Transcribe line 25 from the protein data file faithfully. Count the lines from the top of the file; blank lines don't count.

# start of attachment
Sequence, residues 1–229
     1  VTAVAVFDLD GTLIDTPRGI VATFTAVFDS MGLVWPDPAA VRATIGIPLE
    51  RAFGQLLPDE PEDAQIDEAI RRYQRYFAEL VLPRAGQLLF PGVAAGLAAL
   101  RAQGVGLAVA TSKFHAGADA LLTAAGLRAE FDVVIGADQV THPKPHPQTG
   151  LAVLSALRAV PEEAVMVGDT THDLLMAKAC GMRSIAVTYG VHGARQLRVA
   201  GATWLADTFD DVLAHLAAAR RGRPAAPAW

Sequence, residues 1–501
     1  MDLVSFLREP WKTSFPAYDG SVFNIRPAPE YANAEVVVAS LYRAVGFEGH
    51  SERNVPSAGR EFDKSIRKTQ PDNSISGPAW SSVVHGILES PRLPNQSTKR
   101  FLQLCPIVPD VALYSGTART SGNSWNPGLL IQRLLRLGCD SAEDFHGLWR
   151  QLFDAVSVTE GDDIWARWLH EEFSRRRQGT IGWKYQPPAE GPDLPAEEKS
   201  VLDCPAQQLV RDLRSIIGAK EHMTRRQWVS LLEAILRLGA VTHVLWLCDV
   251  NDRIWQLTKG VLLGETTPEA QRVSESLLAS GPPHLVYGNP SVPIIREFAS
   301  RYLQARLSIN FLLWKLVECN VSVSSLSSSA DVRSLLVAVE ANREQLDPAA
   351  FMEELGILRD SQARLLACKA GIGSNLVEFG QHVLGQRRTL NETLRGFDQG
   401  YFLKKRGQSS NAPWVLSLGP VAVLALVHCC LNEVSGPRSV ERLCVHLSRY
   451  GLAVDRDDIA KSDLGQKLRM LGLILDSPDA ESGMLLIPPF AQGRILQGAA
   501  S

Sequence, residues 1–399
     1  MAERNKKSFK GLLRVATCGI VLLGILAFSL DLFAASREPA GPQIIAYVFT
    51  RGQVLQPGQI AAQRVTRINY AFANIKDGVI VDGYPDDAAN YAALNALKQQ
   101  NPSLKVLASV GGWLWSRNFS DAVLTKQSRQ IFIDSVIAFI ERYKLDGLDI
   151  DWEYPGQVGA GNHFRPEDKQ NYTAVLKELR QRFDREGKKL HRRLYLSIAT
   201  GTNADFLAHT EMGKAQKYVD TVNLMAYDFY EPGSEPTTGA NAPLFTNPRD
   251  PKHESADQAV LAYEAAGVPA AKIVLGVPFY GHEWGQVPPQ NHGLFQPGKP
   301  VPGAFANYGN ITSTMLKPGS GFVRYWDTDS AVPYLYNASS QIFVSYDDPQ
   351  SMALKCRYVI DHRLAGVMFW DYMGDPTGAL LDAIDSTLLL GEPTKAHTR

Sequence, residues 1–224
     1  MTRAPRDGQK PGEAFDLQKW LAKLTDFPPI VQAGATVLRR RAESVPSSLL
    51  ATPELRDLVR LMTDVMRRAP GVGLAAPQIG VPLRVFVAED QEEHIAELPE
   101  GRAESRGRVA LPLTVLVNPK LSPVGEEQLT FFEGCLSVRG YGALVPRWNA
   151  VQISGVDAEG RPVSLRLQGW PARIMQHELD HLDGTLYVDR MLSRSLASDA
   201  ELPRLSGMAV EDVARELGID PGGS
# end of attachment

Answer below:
   251  PKHESADQAV LAYEAAGVPA AKIVLGVPFY GHEWGQVPPQ NHGLFQPGKP